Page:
Bougatsa Nistisimi (Vegan)

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Bougatsa is the name of a hand made phyllo which is then made into  pastries which can either be sweet or savory.  It can be made with semolina cream, with feta cheese, with minced meat, with spinach, with potato etc.     This is a speciality in the towns of Serres and Thessaloniki, in Northern Greece but it has become so popular that you will find “Μπουγατσοπωλεία” (pr. Bougatsopolia) all over Greece,  selling only pastries made with this thin phyllo.

Bougatses are street food and are usually sold in small fast food shops or bakeries,  selling all types of pastries such as tyropites (cheese pies), spanakopites (pl. for spanakopita, which is quite popular abroad and is a spinach pie), loukankopites (sausages pies), piroshkis, peinirli etc.  In these shops you can only find the pastry with the sweet cream filling.

You can find out more about the history of  Bougatsa and a recipe  in my other blog.

I have made Bougatsa with homemade phyllo several times based on Shiamishi.  Shiamishi (page 120 of my cookbook), and bougatsa have a few similarities as the phyllo is based on the same technique and the filling  is  also a semolina cream with a mastic flavour.   Instead of being baked, shiamishi is deep fried.  To make bougatsa I have used  the semolina cream of galaktomboureko (page 127 of my Cookbook).

You can make bougatsa as one big pie or smaller individual ones.

After making Bougatsa many times with a wonderful result, I decided to make “Nistisimi Bougatsa” , making the cream with coconut milk and using olive oil and vegetable margarine.

Bougatsa Nistisimi, Recipe by Ivy

Ingredients:

Shiamishi Pastry phyllo, made with olive oil (recipe in my cookbook)

For the filling

1 cup semolina
¾ cup sugar
3 mastic resins, pounded with 1 tsp sugar (or use 1 tablespoon lemon zest)
250 ml coconut or almond milk
2 cups water
2 tbsp blossom water (optional)
1 tablespoon margarine

Directions:

Put the water and milk, together with sugar and mix on low heat until lukewarm and the sugar dissolves.  Add the semolina, mastic or vanilla and start mixing with a balloon whisk until it sets.  Mix in the margarine and blossom water until the cream thickens.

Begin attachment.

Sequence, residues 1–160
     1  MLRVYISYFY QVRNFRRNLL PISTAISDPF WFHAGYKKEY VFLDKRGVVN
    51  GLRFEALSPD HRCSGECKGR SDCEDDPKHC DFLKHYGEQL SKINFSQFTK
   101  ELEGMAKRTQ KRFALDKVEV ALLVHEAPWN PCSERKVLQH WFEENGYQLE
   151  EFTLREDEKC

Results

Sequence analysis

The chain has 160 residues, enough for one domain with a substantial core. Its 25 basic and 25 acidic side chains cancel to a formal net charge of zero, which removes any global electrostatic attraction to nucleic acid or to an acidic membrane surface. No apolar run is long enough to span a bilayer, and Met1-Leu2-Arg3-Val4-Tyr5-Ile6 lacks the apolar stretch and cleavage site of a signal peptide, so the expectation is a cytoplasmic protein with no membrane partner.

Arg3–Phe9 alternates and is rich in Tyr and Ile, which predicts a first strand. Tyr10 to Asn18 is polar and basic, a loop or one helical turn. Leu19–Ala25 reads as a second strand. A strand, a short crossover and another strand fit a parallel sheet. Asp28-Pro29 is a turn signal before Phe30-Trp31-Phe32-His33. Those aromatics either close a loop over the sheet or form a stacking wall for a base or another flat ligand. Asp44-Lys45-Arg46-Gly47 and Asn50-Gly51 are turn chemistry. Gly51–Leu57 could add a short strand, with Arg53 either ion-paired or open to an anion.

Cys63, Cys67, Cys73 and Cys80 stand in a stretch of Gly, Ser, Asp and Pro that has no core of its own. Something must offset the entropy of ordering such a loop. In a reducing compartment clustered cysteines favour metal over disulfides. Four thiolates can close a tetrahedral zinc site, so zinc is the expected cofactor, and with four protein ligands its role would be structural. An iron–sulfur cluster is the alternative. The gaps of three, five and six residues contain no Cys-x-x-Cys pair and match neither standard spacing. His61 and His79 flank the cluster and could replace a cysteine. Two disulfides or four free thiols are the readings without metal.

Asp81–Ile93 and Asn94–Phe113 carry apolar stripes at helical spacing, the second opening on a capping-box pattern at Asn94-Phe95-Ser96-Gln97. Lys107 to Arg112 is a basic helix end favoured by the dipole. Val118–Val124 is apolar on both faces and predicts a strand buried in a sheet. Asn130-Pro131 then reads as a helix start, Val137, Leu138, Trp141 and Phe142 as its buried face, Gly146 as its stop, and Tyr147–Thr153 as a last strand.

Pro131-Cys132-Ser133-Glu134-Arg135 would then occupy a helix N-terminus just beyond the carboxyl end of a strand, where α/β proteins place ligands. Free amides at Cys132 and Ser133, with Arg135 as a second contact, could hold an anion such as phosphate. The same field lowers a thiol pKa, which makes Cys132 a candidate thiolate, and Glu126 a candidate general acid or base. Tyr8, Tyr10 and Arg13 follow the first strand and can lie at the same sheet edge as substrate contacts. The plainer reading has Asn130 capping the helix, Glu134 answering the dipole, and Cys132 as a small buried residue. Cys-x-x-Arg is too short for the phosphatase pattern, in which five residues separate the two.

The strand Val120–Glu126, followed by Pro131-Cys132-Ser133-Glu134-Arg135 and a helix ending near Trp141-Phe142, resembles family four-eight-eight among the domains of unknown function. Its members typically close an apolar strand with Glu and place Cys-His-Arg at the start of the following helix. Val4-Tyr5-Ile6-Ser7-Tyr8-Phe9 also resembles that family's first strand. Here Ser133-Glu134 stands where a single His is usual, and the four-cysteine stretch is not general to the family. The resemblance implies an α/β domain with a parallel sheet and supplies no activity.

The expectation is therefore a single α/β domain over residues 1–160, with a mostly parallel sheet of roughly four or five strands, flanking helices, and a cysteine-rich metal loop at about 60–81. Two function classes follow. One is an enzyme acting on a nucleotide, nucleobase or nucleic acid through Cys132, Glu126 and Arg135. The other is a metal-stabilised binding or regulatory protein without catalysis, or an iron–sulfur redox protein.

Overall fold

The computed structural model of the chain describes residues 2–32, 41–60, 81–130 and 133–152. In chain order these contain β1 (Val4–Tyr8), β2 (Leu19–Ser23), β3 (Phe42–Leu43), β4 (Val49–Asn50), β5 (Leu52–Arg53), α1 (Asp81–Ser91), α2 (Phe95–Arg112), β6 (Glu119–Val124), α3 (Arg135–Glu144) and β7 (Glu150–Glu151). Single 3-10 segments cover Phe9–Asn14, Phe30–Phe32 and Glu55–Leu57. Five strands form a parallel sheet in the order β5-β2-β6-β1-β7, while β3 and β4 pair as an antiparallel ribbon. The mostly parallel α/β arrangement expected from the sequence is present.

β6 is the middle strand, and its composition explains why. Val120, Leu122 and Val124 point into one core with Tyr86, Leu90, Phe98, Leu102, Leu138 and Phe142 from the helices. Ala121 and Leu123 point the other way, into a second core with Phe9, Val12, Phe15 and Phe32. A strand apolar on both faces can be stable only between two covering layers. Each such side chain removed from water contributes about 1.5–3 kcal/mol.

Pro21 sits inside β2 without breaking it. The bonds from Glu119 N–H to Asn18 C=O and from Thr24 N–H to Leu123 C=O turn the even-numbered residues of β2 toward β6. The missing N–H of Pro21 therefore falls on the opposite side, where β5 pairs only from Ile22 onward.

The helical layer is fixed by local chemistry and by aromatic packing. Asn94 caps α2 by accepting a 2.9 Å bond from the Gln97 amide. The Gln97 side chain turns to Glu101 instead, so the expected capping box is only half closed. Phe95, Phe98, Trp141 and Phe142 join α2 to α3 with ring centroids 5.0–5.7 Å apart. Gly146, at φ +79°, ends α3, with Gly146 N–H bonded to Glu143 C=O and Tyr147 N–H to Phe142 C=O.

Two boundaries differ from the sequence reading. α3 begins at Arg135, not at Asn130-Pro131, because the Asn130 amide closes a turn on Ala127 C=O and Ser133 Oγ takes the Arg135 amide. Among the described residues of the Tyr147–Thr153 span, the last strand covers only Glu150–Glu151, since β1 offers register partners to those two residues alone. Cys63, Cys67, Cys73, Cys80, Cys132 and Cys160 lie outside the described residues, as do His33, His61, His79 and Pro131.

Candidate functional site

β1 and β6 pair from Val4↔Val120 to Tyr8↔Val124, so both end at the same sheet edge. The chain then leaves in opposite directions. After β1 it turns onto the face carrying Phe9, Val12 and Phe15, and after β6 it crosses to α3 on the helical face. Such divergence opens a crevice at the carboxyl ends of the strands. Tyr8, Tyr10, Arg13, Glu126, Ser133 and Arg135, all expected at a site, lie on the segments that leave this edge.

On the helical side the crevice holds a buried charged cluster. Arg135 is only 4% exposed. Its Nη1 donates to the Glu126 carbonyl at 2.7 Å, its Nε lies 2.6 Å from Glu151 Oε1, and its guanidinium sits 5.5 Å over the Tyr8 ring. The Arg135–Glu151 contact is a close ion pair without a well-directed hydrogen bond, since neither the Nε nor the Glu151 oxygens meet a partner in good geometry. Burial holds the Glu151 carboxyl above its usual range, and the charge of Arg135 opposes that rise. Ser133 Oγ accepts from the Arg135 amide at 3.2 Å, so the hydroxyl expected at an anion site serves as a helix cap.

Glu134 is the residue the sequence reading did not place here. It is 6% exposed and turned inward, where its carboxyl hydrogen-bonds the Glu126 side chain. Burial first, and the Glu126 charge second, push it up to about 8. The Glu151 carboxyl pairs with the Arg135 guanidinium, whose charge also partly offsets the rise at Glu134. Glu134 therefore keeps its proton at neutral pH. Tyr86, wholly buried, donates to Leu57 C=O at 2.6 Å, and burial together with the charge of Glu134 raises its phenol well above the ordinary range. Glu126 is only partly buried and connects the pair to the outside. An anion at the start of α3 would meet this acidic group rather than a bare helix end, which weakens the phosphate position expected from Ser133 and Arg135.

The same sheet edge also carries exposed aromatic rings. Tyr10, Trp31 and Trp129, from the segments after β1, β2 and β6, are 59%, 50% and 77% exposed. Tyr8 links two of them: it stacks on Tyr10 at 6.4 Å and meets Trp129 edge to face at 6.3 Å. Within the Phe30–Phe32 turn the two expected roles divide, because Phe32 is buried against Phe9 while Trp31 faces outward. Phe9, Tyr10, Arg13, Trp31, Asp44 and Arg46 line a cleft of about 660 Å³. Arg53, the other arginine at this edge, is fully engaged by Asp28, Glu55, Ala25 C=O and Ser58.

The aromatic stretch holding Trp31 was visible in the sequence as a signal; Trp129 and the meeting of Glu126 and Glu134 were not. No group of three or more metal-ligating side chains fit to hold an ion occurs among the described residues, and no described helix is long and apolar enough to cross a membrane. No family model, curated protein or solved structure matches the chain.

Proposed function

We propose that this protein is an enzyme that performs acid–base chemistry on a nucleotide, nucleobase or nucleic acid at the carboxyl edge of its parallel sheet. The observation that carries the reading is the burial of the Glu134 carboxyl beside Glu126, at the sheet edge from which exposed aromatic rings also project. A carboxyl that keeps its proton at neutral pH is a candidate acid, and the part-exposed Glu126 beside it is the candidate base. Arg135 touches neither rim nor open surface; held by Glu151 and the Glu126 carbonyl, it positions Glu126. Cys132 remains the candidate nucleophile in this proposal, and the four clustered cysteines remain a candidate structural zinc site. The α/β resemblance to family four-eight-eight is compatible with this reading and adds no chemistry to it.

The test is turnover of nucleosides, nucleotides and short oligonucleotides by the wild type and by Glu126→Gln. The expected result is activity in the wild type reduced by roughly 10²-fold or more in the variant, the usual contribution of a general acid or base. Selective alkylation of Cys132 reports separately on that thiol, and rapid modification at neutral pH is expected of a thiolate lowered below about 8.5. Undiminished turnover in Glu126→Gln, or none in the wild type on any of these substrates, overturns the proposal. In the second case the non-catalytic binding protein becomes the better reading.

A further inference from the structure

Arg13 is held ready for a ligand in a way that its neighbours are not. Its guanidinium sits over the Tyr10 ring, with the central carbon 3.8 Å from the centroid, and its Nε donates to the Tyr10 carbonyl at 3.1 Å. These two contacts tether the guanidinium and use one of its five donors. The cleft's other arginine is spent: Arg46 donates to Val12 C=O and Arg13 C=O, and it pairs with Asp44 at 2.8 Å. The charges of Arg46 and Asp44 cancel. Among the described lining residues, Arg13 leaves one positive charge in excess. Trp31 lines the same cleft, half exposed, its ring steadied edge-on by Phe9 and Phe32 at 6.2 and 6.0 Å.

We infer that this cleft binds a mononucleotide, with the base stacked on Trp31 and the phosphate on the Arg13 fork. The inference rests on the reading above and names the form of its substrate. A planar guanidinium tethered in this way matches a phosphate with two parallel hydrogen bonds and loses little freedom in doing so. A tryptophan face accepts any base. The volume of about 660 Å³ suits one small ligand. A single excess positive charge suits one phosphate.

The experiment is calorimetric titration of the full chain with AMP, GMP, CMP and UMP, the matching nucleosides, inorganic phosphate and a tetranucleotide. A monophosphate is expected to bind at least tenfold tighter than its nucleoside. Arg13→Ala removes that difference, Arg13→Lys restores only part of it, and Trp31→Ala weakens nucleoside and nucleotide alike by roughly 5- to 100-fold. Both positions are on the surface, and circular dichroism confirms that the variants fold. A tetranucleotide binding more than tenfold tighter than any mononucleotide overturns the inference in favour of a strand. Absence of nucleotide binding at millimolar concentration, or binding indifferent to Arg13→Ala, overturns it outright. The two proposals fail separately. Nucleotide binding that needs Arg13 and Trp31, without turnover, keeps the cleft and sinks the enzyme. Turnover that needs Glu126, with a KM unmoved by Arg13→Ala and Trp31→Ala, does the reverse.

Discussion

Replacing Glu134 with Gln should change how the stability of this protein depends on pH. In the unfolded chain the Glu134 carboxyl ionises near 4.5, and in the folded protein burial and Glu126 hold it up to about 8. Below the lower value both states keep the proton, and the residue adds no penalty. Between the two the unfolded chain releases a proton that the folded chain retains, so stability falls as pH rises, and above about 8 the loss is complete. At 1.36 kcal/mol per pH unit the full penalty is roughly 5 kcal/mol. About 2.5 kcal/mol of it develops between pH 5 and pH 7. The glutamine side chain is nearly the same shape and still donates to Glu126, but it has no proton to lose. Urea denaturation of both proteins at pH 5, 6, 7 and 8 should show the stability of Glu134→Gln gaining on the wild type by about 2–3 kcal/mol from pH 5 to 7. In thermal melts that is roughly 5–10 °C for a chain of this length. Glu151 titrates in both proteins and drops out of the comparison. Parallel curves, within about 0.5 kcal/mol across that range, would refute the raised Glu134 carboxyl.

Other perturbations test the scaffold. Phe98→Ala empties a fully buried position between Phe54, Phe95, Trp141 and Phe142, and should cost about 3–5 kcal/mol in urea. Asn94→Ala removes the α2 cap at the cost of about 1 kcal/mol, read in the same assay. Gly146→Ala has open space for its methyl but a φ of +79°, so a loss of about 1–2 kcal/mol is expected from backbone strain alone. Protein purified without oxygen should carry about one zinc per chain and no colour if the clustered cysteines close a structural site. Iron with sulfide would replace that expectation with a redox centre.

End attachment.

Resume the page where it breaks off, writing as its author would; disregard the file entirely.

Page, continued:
Empty the cream in a baking tin or large bowl so that the cream is not higher than 1 cm.  Cover with cling film and set aside until the cream cools.

Roll out the dough, same way as for shiamishi.  Cut a piece of cream and fold the phyllo.  Place in a well oiled tin.

Preheat oven at 180ο C / 350o F and bake for about 45 minutes or until golden.

Serve while still warm sprinkling lots of icing sugar and cinnamon on top.

I am linking “Nistisimi Bougatsa” to the event Creative Concoctions, created and hosted by Ivy, at  Kopiaste to Greek Hospitality.

Order your copy now!

Kopiaste and Kali Orexi,

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New proposals for Daktyla and Shiamishi

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I wish to thank each and every one of you who have bought my cookbook and want you to know that what you bought is just the base of the traditional Cypriot cuisine.

From now on, if I create something new,  I will be posting them here, so as to give you more ideas with what you can do with the traditional recipes and make something new and creative.

If you follow my blog Kopiaste to Greek Hospitality, I have already posted a few recipes, which were inspired from my cookbook.

Kifylla,on  page 1o2: I have made Kifylla with Apple Pullaparts.

Lokmades and Xerotigana, on page 118: I have made Xerotigana with Chocolate and Ginger

Eliopitakia – Elioti, on page 109:  I have made an Olive oil and rosemary Cake.

Today, I made two new recipes.

Daktyla on page 124: Can you imagine each bite of daktyla with almonds having a citrus flavour?  Well, yes.   I made Citrus Daktyla, by adding in the filling my favourite citrus marmalade.  Just mix the marmalade with the remaing filling and make daktyla.  They turn out a bit bigger but it doesn’t matter as they taste great.

Shiamishi on page 120: I made bougatsa shiamishi by making the same phyllo for shiamishi.    You can either use the filling of shiamishi or make a vegan galaktomboureko cream (page 127), still keeping them nistisima by substituting butter with margarine and using coconut milk.  You then bake them until golden and sprinkle icing sugar and cinnamon on top.

Order your copy now!